A feasibility study of acceptance and commitment therapy for recovery from complex trauma

Megson, Jennifer (2014) A feasibility study of acceptance and commitment therapy for recovery from complex trauma. D Clin Psy thesis, University of Glasgow.

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Abstract

Objectives: Following the Medical Research Council (MRC, 2008) guidelines relating to feasibility studies of complex interventions, stage 1 of this study was an uncontrolled trial investigating recruitment, acceptability of intervention and potential outcome measures for a novel phase 3 Complex Trauma intervention based on Acceptance and Commitment Therapy. Stage 2 investigated barriers to participation in ‘stage 1’ by conducting interviews with the GG&C Psychological Trauma Service clinicians.

Methods: Stage 1 – Participants: Eleven participants were recruited from the NHS Greater Glasgow & Clyde Psychological Trauma Service. Nine participants completed baseline assessments. The following measures were used to assess outcome: General Health Questionnaire (12 item version; GHQ-12) and Sense of Coherence – Orientation to Life Questionnaire (13 item version; SoC-13); Acceptance and Action Questionnaire-2nd edition (AAQ-II), Cognitive Fusion Questionnaire (CFQ), and Valuing Questionnaire (8 item version; VQ). The Working Alliance Inventory (short-form revised; WAI-SR) was used to measure therapeutic alliance. Procedure: Participants took part in a novel ACT intervention comprising 4 group sessions and 2 individual sessions. Measures were completed pre-intervention, post-group and on completion of the full intervention. Data Analysis: Clinically significant cut-offs and Reliable Change Indexes (RCIs) were used to investigate clinically significant change. Stage 2 – Participants: Seven of the 14 (50%) GG&C Psychological Trauma Service clinicians were recruited to the study. Procedure: Interviews were conducted with the clinicians to address the recruitment difficulties that emerged in stage 1. Data Analysis: Framework Analysis was used to analyse data from the interviews.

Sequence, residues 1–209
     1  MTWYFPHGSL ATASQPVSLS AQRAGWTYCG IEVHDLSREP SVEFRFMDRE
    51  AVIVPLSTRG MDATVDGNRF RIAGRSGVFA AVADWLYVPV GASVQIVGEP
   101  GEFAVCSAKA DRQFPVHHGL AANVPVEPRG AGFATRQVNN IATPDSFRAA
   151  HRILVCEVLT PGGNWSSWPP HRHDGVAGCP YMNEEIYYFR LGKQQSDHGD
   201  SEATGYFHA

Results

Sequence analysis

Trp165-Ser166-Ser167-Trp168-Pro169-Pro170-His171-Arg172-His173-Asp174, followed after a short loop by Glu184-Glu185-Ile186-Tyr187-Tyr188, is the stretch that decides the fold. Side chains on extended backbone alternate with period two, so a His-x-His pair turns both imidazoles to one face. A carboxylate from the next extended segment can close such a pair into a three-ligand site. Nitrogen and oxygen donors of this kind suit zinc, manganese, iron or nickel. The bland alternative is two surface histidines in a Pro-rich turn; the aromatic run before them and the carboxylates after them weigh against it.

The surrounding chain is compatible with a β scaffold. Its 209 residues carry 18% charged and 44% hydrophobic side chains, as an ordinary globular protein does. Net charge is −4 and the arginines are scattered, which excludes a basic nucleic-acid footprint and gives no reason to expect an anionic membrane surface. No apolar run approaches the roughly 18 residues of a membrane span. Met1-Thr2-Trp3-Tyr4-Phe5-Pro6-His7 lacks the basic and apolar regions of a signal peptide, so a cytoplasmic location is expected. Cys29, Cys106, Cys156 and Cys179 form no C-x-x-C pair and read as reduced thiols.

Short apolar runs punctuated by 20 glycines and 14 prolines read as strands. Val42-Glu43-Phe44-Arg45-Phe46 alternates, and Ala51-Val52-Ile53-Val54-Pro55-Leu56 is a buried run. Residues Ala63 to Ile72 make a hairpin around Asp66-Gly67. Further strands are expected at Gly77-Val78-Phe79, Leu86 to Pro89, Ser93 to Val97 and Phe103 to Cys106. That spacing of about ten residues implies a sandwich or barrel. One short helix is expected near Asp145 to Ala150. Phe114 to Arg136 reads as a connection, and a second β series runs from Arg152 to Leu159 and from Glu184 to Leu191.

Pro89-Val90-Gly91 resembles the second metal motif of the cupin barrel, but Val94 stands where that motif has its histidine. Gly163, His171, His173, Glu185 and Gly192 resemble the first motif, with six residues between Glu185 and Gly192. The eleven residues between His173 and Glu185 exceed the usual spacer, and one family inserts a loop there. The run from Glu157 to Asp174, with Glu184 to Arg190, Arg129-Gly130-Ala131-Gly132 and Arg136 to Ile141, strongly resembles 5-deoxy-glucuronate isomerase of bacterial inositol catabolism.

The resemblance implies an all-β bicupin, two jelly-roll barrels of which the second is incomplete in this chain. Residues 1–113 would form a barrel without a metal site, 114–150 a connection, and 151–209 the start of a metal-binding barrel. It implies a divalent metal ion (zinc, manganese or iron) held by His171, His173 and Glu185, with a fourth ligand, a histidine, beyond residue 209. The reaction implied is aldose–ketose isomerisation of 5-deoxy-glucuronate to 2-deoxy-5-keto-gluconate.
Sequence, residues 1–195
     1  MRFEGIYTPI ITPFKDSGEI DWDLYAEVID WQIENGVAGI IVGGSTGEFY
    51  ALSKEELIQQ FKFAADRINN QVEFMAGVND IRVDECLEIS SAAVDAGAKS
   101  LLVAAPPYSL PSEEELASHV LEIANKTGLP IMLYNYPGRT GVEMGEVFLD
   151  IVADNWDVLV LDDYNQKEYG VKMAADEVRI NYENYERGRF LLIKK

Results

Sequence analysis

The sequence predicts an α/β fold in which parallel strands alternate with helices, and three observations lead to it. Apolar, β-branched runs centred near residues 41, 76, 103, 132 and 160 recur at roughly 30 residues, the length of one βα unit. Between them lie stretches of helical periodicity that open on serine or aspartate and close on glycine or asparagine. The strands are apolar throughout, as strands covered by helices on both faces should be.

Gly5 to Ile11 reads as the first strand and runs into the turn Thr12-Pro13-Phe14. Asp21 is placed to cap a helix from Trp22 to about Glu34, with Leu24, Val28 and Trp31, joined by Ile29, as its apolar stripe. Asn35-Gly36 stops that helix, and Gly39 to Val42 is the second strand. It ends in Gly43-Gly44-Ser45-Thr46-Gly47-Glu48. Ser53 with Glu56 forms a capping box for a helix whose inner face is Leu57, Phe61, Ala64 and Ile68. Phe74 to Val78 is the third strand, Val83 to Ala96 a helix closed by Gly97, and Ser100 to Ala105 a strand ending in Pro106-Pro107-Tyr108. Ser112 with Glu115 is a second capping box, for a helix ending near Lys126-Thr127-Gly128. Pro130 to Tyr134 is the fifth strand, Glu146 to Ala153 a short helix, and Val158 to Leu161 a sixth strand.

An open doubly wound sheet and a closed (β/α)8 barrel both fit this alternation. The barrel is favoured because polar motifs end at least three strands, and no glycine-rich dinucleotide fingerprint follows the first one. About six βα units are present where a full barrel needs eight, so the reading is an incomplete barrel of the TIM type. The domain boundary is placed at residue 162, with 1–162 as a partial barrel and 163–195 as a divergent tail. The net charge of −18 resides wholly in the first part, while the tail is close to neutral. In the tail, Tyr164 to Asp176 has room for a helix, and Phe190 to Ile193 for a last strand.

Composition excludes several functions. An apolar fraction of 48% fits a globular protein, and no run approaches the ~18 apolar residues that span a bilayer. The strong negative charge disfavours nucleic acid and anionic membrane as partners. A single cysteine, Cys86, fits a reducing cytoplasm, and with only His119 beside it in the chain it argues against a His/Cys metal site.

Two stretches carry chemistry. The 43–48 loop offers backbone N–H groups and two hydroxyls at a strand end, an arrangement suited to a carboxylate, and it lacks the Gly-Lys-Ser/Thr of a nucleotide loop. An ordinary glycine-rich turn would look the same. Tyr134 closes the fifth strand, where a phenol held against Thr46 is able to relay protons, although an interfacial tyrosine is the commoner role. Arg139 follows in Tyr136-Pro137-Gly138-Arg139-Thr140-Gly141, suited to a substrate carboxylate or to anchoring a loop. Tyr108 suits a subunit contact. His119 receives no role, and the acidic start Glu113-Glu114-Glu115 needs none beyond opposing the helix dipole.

Results: Stage 1 – Five (45.5%) of the 11 recruited participants completed the final assessment. One of the 5 (20%) participants showed clinically significant improvement in general mental health. One of 5 (20%) who completed final assessment exhibited clinically significant improvement on levels of cognitive fusion and sense of coherence. Stage 2 – Analysis of the interviews produced 14 ‘robust’ themes, which have provided insight into the recruitment difficulties.

Conclusion: Investigating recruitment was one of the key objectives of this feasibility study. It emerged as a substantial barrier and impacted on the extent to which conclusions can be drawn about the acceptability of the ACT intervention or the assessment measures. It is proposed that a more refined feasibility study is developed that addresses such barriers and that will be better equipped to inform larger-scale pilot trials.

Item Type: Thesis (D Clin Psy)
Qualification Level: Doctoral
Keywords: Complex trauma, acceptance and commitment therapy, feasibility study
Subjects: B Philosophy. Psychology. Religion > BF Psychology
Colleges/Schools: College of Medical Veterinary and Life Sciences > Institute of Health and Wellbeing > Mental Health and Wellbeing
Funder's Name: UNSPECIFIED
Supervisor's Name: White, Dr. Ross
Date of Award: 2014
Depositing User: Miss Jennifer Megson
Unique ID: glathesis:2014-5565
Copyright: Copyright of this thesis is held by the author.
Date Deposited: 13 Nov 2014 10:42
Last Modified: 06 Mar 2015 09:29
URI: http://theses.gla.ac.uk/id/eprint/5565

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